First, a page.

Because disability cases in the U.S. legal system represent so much money at stake, it seems to make sense that complex brain imaging technology capable of verifying or disproving claims involving chronic pain would make an appealing evidentiary tool. But according to a study released Sept. 8 by the International Association for the Study of Pain, brain imaging in such cases may come with too high of an ethical cost to justify widespread reliance on the technology yet.
Amanda Pustilnik, a professor at the University of Maryland Carey School of Law who chaired the law and ethics part of the task force that led the study, said she sees brain imaging having direct legal gravity in cases of chronic pain because claims of chronic pain disorders are one of the most common reasons for people to seek legal recourse and enter the disability system, and as a result billions of dollars are at stake. According to the study, chronic pain can affect up to 35 percent of the population. She said one of the most signifi cant considerations around using brain imaging, such as functional MRI and PET technology, in chronic pain cases is the lack of standardization for complex technology.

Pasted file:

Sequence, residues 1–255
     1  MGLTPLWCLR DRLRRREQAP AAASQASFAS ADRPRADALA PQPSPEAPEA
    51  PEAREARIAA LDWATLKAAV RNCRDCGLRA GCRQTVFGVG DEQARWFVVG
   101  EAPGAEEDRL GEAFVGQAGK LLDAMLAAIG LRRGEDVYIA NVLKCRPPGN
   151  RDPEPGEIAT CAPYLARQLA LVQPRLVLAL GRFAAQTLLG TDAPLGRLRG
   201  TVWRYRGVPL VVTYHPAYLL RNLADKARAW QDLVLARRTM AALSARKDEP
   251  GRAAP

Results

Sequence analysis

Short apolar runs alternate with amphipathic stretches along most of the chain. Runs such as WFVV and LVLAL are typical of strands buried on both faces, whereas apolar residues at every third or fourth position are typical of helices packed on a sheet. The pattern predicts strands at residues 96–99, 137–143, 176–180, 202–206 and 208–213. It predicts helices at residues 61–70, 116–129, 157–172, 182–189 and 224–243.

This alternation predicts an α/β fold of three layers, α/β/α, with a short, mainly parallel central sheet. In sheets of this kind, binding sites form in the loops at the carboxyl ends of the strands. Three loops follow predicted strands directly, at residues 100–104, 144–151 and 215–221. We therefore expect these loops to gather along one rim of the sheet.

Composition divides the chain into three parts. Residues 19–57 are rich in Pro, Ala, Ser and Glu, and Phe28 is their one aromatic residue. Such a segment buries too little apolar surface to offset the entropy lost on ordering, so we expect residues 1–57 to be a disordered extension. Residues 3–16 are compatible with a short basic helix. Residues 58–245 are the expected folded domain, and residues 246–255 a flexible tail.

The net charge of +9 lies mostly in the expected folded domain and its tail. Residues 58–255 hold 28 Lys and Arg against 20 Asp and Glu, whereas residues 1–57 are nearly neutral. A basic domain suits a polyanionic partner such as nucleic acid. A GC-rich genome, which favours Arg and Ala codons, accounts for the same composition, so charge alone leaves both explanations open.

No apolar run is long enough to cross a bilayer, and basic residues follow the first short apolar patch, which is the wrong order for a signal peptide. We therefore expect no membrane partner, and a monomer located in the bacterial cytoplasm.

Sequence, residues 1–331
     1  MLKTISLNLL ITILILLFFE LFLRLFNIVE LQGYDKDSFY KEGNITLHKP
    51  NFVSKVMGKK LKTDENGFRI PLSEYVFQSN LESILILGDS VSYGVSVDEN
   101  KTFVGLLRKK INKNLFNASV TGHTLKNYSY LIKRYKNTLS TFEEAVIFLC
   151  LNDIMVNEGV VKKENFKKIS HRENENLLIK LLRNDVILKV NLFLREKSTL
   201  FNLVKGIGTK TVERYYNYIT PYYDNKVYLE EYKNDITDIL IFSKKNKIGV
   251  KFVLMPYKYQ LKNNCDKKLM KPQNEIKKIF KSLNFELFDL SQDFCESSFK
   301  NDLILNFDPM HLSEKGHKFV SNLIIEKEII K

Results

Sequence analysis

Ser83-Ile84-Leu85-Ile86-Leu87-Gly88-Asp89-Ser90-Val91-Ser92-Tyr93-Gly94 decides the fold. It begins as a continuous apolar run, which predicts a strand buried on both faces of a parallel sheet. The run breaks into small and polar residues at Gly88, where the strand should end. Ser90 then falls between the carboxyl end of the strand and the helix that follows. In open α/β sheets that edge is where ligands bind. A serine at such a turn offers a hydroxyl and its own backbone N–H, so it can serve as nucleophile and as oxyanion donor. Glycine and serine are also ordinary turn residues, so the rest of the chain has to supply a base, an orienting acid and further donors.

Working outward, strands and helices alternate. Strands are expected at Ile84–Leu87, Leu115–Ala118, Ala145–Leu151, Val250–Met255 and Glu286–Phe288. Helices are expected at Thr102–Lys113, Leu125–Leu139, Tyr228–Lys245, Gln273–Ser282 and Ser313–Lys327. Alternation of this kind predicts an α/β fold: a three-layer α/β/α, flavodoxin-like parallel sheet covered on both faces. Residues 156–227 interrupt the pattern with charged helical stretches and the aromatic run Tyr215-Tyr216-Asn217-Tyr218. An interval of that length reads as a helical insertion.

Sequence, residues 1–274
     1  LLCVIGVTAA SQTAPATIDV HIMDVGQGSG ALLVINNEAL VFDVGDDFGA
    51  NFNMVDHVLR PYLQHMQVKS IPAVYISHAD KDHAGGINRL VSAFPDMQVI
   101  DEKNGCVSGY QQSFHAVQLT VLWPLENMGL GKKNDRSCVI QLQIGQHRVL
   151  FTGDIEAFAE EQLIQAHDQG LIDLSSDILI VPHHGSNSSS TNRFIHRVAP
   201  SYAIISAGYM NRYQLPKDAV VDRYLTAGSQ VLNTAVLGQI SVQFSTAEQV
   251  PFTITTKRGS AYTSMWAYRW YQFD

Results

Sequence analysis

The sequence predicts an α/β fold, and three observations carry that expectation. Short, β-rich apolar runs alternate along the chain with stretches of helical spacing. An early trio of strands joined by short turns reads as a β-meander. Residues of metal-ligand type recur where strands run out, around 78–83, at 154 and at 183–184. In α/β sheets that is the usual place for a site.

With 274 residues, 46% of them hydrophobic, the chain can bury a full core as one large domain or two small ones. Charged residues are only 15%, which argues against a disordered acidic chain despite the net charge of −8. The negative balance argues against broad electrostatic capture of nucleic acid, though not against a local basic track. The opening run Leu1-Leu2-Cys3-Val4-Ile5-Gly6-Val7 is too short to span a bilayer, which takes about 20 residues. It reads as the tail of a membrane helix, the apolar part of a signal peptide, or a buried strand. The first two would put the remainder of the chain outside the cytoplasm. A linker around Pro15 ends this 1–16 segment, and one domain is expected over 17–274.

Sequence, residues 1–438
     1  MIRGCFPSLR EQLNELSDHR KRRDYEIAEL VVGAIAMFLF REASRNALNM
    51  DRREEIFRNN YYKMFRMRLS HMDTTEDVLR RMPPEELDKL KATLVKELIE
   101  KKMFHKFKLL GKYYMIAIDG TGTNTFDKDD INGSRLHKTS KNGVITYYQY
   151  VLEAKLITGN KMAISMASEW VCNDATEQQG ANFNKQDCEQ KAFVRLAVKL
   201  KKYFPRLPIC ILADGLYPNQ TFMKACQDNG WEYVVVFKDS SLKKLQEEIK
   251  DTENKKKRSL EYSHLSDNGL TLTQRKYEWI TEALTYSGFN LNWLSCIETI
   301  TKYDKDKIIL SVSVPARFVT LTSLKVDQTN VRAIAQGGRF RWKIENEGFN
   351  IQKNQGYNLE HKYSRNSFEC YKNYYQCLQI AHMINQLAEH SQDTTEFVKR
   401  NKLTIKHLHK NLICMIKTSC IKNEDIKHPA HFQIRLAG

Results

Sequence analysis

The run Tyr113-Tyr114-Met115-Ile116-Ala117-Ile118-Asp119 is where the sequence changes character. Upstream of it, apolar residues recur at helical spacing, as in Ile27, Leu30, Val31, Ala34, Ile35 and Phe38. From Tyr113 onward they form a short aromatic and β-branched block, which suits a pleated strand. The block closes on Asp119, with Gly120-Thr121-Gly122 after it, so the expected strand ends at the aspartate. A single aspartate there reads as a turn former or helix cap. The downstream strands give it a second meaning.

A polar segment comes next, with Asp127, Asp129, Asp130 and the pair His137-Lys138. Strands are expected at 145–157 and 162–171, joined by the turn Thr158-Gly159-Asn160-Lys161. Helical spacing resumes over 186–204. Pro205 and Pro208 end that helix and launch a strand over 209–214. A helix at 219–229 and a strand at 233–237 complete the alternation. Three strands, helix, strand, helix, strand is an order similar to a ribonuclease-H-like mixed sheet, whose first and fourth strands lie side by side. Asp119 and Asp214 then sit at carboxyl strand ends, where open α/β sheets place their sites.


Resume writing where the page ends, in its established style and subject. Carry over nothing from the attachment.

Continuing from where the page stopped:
“For too long, law has communicated to people with chronic pain disorders that they are either suffering from an emotional problem or that they’re faking,” she said. “And that struck me as deeply wrong, and so I wanted to bring some of this new science into the legal area. … The ideal place to wind up in, I think, would be a more accurate description of what chronic pain disorders are and what they look like.” She said a clear model would help legal decision-makers separate true claims of chronic pain from false ones.
Pustilnik compared the evolving knowledge of chronic pain to that of post-concussion syndrome in football players, which was formerly thought of as a psychological disorder, to an understanding of the neurological damage it can inflict.